Today’s local paper had a toilet bowl on the cover. A toilet bowl. Yes, I know the article was about how the new Sewage Treatment plant in Halifax is done broke and won’t be fixed for a while. But guess what? We didn’t have a Sewage Treatment plant attached to the harbour a few years ago. Neither did we have one in Dartmouth nor Herring Cove but we do now. In short, this story is not about poop as the paper seems to want to frame that story, but about tax payers dollars and accountability. The toilet bowl is just a ridiculous ploy to get my eyeballs on their front page. (Aside: the director of this project’s name is Brad Anguish, a name that must speak to the way he must feel over the way the media is treating this story.) It also does not surprise me that the toilet graphic appears nowhere online. Why? because the Halifax blogger world would be screaming “lame” so fast it would create a repeat of the Juan Hurricane disaster in under 30 seconds.
Print media in general is in a sad state overall. I don’t mean to pick on the Herald over this. To be fair, sensationalism has been selling print since paper was invented. The Metro , the replacement for the now defunct Daily News, is little more than a National Enquirer with a Sports page. The Coast has long since hosted Dan Savage’s column, Savage Love, to draw people to their often myopic and peninsula-centric left-wing biased content. The Herald, though, is the Halifax news paper though. I criticize them the most because this incidence of lameness hurts the most. The toilet bowl picture is yet another step away from real news and two steps toward becoming a silly gossip rag.
It all makes me feel as if the print news industry that I loved so dearly has become likened to Cher, refusing to accept it’s age and slowly applying make-up, then cosmetic surgery, then outrageous outfits and barely-legal boyfriends to keep the public’s attention just that one decade longer. Compare to the more classy Meryl Streep that just keeps using talent, grace to entertain and amaze her audiences. Actually, this situation is worse, because it’s almost as if Meryl Streep in a moment of sad desperation decided that being Cher was the best way to carry her career into the future.
In the end, this is not a Chronicle Herald problem, or even a print media problem – it’s a community news problem. People who do not have regular access to computers should not be fed this tripe, while those with computers and social media savvy end up being the ones who get the real news – from blogs, from Twitter, on Facebook, from news sources that understand the Internet and syndicated through RSS services like Google Reader or Bloglines. A world where most of the world is mired in Paris Hilton, Brittany Spears and Fox News, while some of the world is mired in Rocketboom, and localized Twitter searches is not one that I would like to live in.
What are the solutions? Here’s what I have to offer, some library-related, some just people related:
- The world needs more podcamps that think outside the fishbowl. Podcamps are about social media folk being understood, but it’s also about regular community understanding. One of the most significant things I took away from Andrew Baron’s keynote last January was that people need opportunities to engage online communities in meaningful ways, instead of just looking at it through a window in their own room. The analogy that Andrew used was that if I was in North Korea, I would only truly be able to say I understood the people of that country if I was able to have conversations, eat their food, play their games etc. It would be folly to try and understand them from my hotel room looking outside the window.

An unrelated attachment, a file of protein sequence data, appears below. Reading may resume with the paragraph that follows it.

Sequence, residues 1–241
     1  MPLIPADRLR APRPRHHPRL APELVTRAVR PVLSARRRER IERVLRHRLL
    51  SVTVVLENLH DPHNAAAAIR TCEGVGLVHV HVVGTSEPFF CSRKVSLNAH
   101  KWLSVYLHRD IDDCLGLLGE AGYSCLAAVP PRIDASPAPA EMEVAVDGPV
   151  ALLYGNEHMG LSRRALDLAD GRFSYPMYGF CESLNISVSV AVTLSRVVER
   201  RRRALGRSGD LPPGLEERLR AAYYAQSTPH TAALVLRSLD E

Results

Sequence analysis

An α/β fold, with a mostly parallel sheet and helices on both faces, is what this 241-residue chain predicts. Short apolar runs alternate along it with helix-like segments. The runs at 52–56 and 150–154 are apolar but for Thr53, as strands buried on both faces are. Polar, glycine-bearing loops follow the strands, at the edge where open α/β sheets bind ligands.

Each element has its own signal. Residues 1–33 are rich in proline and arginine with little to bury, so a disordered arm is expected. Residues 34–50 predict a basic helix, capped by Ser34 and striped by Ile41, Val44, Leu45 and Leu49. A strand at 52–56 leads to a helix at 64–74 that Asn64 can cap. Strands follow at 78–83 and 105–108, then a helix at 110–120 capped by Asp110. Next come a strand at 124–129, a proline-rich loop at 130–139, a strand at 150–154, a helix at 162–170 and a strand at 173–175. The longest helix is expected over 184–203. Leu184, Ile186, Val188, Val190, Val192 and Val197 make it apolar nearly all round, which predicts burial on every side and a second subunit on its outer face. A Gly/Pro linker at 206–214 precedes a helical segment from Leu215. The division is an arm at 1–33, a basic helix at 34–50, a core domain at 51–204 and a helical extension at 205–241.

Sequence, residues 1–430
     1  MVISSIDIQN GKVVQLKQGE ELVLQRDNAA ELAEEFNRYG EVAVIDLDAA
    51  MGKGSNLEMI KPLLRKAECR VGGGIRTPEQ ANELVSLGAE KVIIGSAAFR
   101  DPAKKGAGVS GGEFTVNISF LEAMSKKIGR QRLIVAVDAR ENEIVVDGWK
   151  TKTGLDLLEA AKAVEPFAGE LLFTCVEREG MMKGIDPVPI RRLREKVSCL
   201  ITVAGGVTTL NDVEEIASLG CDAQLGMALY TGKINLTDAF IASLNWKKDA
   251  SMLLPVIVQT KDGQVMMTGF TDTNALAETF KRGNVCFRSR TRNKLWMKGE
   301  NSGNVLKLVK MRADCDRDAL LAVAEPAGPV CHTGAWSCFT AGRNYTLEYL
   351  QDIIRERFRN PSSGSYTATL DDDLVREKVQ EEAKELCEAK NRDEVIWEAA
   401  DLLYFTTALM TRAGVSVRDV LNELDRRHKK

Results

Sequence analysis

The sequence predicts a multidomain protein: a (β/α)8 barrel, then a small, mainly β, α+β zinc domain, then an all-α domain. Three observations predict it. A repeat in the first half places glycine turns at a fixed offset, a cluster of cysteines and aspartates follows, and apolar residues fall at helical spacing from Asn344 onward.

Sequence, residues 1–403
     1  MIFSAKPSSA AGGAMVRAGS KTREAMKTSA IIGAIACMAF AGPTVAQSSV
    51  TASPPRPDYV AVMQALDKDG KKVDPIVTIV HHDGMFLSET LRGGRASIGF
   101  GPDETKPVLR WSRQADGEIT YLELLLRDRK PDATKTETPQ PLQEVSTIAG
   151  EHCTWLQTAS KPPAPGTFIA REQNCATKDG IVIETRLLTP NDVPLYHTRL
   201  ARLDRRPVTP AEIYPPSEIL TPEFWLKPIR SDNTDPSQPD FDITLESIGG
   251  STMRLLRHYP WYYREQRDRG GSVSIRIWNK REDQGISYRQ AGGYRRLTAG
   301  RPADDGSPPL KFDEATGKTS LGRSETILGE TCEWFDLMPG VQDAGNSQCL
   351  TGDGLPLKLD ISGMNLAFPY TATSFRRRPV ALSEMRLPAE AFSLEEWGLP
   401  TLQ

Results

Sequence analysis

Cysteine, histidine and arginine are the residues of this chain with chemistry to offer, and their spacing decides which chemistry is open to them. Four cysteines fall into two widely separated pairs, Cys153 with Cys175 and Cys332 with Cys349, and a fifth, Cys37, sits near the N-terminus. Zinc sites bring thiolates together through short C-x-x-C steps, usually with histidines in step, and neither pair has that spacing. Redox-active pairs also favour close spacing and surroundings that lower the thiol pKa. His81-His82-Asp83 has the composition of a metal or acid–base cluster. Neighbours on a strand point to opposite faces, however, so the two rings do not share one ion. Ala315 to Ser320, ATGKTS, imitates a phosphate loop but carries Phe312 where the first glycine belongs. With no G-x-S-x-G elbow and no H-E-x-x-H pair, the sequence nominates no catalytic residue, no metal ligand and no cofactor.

- Newspapers need to find effective ways to get their archives out to the public (even for pay), so they can understand paper/print’s role in preserving history. All these Web 2.0 services can offer no guarantee that what we write today will be around 10 years from now. Just think about how you’d feel right now if you had put all your video content on Google Video which will not be operating for much longer.
- Good writing is no longer enough. Technology makes all media (print, images, sound, video/animation) fairly easy to create and distribute. Good journalism in the 21st century is multidisciplinary. More than that, journalists cannot get away with writing news that shows zero understanding of online culture, norms etc. Good journalistic instinct requires a great understanding of online culture.
- For libraries, the literacy divide and the digital divide are interconnected. You cannot promote basic literacy if you cannot promote the benefits of basic computing. They go hand-in-hand.
- Libraries cannot do this alone. Like the way libraries encourage parents to read to children, libraries ought to be promoting why sons, daughters and friends should be helping their parents/friends get an email account, set up RSS feeds, do conference calls with Skype, and navigate their way through Facebook’s privacy settings. Online communication is now a family and friends thing.
- Businesses, Governments and Non-profits need to think about the parameters through which they will encourage their staff to blog, engage social networks and the like. IBM’s social computing guidelines lead the way in my view, but each organization has different needs and concerns regarding how social media impacts productivity, privacy, marketing strategy, branding, and customer service (etc etc etc).
The bottom line is that the public both wants and deserves excellent journalism; they do not care what package the information comes in. If the ROI of doing print media means that we are going to have toilet bowl news in our face, then the world needs to re-think what print media means for us.